Iron deficiency effects almost 1/3 of non-pregnant women in the world. Some symptoms include fatigue, pale skin, shortness of breath, heavy periods, cold hands and feet, spoon shaped nails and a sore tongue. This article explains why we become iron deficient, why intermittent dosing is important, food sources and considerations and why some supplements are better than others
Why do we become iron deficient?
There are 4 main reasons for low iron levels:
- Insufficient intake – e.g. vegetarians, picky eaters, elderly
- Increased demands – e.g. pregnancy, breastfeeding, athletes, children
- Poor absorption – e.g. coeliac disease, Inflammatory bowel disease, some gut infections
- Bleeding – e.g. heavy periods, bleeding from the bowel
How much iron should I aim for each day?
|Birth to 6 months||0.27 mg*||0.27 mg*|
|7–12 months||11 mg||11 mg|
|1–3 years||7 mg||7 mg|
|4–8 years||10 mg||10 mg|
|9–13 years||8 mg||8 mg|
|14–18 years||11 mg||15 mg||27 mg||10 mg|
|19–50 years||8 mg||18 mg||27 mg||9 mg|
|51+ years||8 mg||8 mg|
What can I do about my diet?
There are two types of iron that come from our diet, haem iron and non-heam iron. Haem Iron is found in animal derived foods and non-haem iron is found in plant foods. The body absorbs haem iron much more easily than non-haem iron. A diet relying heavily on non-heam iron (e.g. vegetarian diets) as the main source of iron should be combined with foods or drinks that are high in vitamin C to help with iron absorption. Examples of foods that are high in Vitamin C are strawberries, Brussels sprouts, tomatoes, capsicum, cabbage, citrus fruit or any brightly coloured fruits and vegetables. So for example, lentil soup or salad greens in a meal drizzled with fresh lemon juice would improve the amount of iron absorbed.
Iron-rich foods and amount of iron per serve:
- Roast beef, steak (75g) 5mg
- Lamb chops – 2 (75g) 1mg
- Sardines – 4 1mg
- Chicken – 2 slices (75g) 6mg
- Fish- 1 piece (120g) 6mg
- Soy beans- ½ cup 6mg
- Baked beans- ½ cup 0mg
- Almonds- ¼ cup 0mg
- Wholegrain bread – 2 slices 9mg
- Prunes -5 or 6 8mg
- Broccoli- 1 stalk 4mg
- Leafy Vegetables- 1 cup 4mg
Certain foods can inhibit iron absorption; these include coffee and tea, calcium-rich dairy foods and soy foods. If you have concerns with low iron stores, it is better to consume these foods separate from iron-rich foods.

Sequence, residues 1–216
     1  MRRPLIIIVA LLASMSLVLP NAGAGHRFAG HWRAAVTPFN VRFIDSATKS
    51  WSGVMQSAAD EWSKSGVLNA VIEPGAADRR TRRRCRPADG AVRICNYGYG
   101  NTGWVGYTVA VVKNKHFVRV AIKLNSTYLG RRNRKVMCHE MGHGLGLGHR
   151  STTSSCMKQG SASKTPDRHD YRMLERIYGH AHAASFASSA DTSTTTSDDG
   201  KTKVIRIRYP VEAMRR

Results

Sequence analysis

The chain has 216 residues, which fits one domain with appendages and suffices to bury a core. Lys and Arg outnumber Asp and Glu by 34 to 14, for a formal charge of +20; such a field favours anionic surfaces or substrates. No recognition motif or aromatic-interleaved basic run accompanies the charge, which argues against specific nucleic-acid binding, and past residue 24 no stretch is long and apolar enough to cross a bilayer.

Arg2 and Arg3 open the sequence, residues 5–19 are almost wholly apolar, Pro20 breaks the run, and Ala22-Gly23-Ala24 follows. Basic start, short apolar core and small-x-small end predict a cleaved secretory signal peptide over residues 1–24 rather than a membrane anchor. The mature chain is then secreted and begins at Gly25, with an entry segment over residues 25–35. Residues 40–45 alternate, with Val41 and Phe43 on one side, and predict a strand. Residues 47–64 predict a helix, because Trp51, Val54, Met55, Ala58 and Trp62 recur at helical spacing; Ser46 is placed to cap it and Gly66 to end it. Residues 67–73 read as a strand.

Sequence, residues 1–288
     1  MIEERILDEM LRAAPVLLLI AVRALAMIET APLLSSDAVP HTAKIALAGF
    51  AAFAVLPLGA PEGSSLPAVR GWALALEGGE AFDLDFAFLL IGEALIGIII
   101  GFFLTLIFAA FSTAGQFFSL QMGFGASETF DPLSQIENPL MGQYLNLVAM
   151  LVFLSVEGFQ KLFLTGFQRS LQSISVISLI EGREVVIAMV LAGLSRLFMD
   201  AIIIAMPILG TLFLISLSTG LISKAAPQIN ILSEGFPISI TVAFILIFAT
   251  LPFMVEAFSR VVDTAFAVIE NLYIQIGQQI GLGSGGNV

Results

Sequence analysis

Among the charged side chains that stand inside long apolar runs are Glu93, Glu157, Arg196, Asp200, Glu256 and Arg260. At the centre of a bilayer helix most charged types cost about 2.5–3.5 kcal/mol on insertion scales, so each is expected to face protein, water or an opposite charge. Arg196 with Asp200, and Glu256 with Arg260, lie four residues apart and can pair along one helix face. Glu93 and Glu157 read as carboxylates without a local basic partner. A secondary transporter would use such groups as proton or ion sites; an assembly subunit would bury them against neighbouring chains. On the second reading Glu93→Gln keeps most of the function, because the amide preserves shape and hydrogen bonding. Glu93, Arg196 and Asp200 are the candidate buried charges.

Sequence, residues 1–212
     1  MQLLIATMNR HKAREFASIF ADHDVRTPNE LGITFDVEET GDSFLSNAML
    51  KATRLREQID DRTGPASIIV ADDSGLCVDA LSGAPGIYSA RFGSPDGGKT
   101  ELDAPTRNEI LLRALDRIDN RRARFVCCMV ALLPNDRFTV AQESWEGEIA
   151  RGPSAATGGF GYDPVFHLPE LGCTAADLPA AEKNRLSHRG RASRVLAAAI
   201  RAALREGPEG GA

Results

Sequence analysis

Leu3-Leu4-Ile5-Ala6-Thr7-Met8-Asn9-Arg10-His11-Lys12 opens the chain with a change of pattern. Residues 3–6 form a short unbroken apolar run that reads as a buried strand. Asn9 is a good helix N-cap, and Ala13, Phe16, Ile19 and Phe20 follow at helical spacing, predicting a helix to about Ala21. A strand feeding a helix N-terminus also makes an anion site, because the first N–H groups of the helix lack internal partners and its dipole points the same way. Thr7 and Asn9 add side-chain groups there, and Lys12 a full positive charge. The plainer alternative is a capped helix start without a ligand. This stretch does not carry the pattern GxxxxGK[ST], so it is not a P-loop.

Are all iron supplements the same?
No, different forms are absorbed better than others, and some can cause constipation, nausea, stomach cramps and black tarry stools. The absorption of Iron Sulphate is under 27%, while the biglycinate forms around 90%. The practitioner-only supplements we stock at All Degrees of Health are highly absorbed, with minimal (if any) side-effects
Why intermittent supplementation?
A large study published this year (1) has shown that intermittent iron supplementation is as effective as daily supplementation, with less side-effects.
A protein called hepcidin is responsible for regulating iron absorption. In times of iron availability, levels of hepcidin are higher to reduce the amount taken into red blood cells (4). The classical schedule of daily doses of iron is associated with a rapid response in hepcidin production that limits the absorption of a second dose given too early. By contrast, an alternate day regimen allows enough time for hepcidin return to baseline, hence maximising fractional iron absorption (5) Doses greater than 45mg can cause gastrointestinal upset, inflammation, oxidative stress and changes in our gut microbiome (the good bacteria in our digestive system).
The concluding recommendation is to prescribe a dose of 20-25mg of a well absorbed biglycinate form on alternate days to maximise iron absorption.
If you are low in iron you are welcome to discuss your individual needs with one of our Naturopaths to ensure you not only address the immediate deficiency effectively, but look at the underlying reason why you became deficient in the first place.
Call reception on 9331 0951 or book online https://all-degrees-of-health.cliniko.com/bookings#service
- O’Neil-Cutting MA. Blocking of Iron Absorption by a Preliminary Oral Dose of Iron. Arch Intern Med. 2011;147(3):489. doi:10.1001/archinte.1987.00370030093018.
- Shinoda S, Arita A. Regulatory mechanisms of intestinal iron absorption: Iron-deficient mucosal cells respond immediately to dietary iron concentration. J Phys Fit Sport Med. 2014;3(4):399-407. doi:10.7600/jpfsm.3.399.
- Nemeth E, Ganz T. The role of hepcidin in iron metabolism. Acta Haematol. 2009;122(2-3):78-86. doi:10.1159/000243791.
- D. G, S. U, F. B, G. M, A. C. Modern iron replacement therapy: clinical and pathophysiological insights. Int J Hematol. 2018;107(1):16-30. doi:10.1007/s12185-017-2373-3.
- Institute of Medicine. Food and Nutrition Board. Dietary Reference Intakes for Vitamin A, Vitamin K, Arsenic, Boron, Chromium, Copper, Iodine, Iron, Manganese, Molybdenum, Nickel, Silicon, Vanadium, and Zinc : a Report of the Panel on Micronutrients. Washington, DC: National Academy Press; 2001.